LOS ANGELES – Since taking office in 2015, one of Councilman David Ryu’s platform objectives has been addressing the relationship between city officials and developers.

His first year in office he introduced a proposal for a developer dollar ban, seeking to cut off funding from real estate developers to political campaigns. Ryu said it took his team more than four years to garner enough council support to make the legislation happen.  

After a heated discussion and council vote, the law passed in December 2019 but doesn’t take effect until 2022. 

What You Need To Know

  • Councilmember Ryu submitted 2 written motions aimed at improving transparency

  • First motion would establish "ACT," Office of Anti-Corruption and Transparency

  • Second motion seeks to amend LA City Charter to limit individual Councilmember powers

  • Calls for embattled member Jose Huizar to resign continue to grow, despite him not being charged with crime

“It was a milestone.  It was an advancement 10 steps forward that the City of L.A. hasn’t seen in decades. However, I wasn’t able to get every bit of reform that I wanted,” Ryu said. 

The recent developments in the federal corruption probe, he adds, have spurred him to initiate even more sweeping changes. 

During Tuesday’s City Council meeting, Ryu introduced two written motions aimed at tackling potential gaps in accountability and what he feels is a flaw in the City Charter of Los Angeles.

The first motion seeks to establish the Office of Anti-Corruption and Transparency, or “ACT” for short. Ryu said he envisions it would serve as an Inspector General for the City Council and have subpoena power. Its focus would be on planning, land use, and development, and construction approvals before the city.

“This would be able to go even further and have more encompassing powers than the ethics department to make sure we have an independent watchdog agency,” Ryu said, pointing to similar oversight offices that exist in Chicago and Philadelphia.

The second motion aims to root out corruption before it can even take shape. Ryu said the LA City Charter, adopted in 1925, needs to be reformed to limit the power individual council members are endowed with over land use and development decisions. 

“We’re almost mini-mayors or fiefdoms,” Ryu said. “So in reality the City of L.A. is almost like 15 cities in one city.”

He noted the difference between Los Angeles and NYC.  L.A. has 4 million residents represented by 15 council members. NYC has 8.4 million residents and 51 council members. 

Specifically, Ryu wants to strike Section 245 (e) from the City Charter, which gives the City Council authority to overwrite the actions of planning commissions. Ryu said individual council members can use 245 (e) as leverage against developers over building approvals and it provides private developers with an incentive to influence a council member. 

“It allows the City Council on the spot, on a whim, to change the decision. Not only reject what was decided in the planning commission but we get to rewrite what the commission has done,” Ryu said. “It is too much power pretty much in the hands of one individual and creates an environment rife for corruption.”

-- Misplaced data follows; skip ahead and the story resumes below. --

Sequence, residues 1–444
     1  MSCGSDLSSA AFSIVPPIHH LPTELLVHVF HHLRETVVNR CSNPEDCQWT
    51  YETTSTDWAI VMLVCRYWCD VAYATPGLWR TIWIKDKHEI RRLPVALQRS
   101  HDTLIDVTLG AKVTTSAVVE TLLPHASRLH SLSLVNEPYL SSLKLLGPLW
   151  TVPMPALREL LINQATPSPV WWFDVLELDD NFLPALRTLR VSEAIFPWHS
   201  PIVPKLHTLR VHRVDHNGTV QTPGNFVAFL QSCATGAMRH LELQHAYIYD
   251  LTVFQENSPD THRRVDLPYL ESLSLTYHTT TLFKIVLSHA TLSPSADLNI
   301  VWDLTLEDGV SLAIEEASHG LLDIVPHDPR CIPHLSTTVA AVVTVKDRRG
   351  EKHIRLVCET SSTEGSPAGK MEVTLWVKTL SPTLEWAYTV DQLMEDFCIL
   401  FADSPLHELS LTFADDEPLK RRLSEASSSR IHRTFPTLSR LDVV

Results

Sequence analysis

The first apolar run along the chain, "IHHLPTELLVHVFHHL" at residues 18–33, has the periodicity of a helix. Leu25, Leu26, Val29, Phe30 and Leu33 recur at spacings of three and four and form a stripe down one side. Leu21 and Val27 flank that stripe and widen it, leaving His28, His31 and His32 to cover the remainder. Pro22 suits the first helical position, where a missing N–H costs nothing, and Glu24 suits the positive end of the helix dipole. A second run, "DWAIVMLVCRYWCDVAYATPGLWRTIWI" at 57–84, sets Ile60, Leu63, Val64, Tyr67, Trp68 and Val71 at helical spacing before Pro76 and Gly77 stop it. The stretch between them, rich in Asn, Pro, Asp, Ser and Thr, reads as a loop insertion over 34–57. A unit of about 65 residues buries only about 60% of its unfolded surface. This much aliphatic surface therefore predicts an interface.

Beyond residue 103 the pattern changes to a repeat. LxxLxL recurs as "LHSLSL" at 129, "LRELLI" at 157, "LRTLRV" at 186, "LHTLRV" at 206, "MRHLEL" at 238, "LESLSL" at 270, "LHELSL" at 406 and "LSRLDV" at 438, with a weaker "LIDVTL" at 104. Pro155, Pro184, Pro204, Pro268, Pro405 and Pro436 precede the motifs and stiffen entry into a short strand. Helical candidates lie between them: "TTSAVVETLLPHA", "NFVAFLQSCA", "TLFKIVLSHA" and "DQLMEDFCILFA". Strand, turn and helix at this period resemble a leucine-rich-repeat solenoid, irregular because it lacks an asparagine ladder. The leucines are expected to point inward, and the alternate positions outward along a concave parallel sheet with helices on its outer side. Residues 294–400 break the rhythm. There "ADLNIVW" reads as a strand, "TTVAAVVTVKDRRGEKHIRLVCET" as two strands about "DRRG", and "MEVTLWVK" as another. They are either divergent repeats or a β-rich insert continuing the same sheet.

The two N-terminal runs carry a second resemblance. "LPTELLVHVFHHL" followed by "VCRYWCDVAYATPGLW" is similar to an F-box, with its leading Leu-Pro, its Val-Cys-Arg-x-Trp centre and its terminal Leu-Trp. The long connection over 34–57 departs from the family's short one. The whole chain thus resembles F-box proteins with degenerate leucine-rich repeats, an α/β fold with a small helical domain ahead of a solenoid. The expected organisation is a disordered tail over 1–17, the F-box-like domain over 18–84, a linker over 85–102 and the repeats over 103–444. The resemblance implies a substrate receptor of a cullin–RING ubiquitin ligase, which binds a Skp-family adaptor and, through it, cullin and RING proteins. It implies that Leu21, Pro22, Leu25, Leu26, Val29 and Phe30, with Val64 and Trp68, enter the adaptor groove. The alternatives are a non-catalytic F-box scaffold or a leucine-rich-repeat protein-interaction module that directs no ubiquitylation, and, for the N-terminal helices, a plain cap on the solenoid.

If he can rally council support, Ryu hopes he can get the charter amendment on the November ballot for voters to decide. Both motions now head to the Rules Committee to be discussed and voted on before they can move to the full council. 

Ryu said the pair of proposals seek to repair the public trust the he feels has dramatically eroded in the wake of the ongoing FBI investigation into alleged pay-to-play schemes, bribery and racketeering involving public officials and developers. 



Court filings don’t name the City Council member at the center of the corruption investigation, but the biographical and project timeline details provided point to embattled Councilman Jose Huizar, whose office and home were raided in 2018 by the FBI.

Even though he has not been publicly charged, some members of the public have been calling on him to quit his post.  

Historic preservationist, tour company owner and city watchdog Richard Schave started a Change.org petition to rally public support for Huizar’s resignation.  

“The integrity which someone who is supposed to steer the public policy for the City of Los Angeles has to be a lot more solid than what he’s coasting on right now,” Schave said. “By putting pressure on the city, that’s how we’re going to get this school of fish to slowly change course.” 

Calls for Huizar to officially step down were echoed last week for the first time publicly by members of City Council just one day after the latest federal plea agreement was released. A real estate consultant named George Chiang, agreed to plead guilty to a federal racketeering charge and cooperate with the wide-ranging investigation, which alleges a criminal enterprise was undertaken by a member of City Council aimed at shaking down developers for money and gifts in exchange for their development projects being approved.  

An aide to Council President Nury Martinez said she sent a letter to Councilman Huizar last Friday asking him not to participate in City Council meetings or take legislative action until there was “legal clarity” on the FBI probe. Spectrum News 1 requested a copy of that letter but has not received it.

Councilman Huizar has refused requests for interviews but released a statement last week in response to President Martinez saying he didn’t want to be a distraction to the council and would limit his participation.

But he stopped short of resigning.

Ryu was one of the council members who expressed his colleague should quit, but also wants to see the justice system do its job.  

“Guilty or not. Nobody knows if he’s guilty or not but he does. He knows in his heart what is right or wrong and should do it himself without having to be asked,” Ryu said.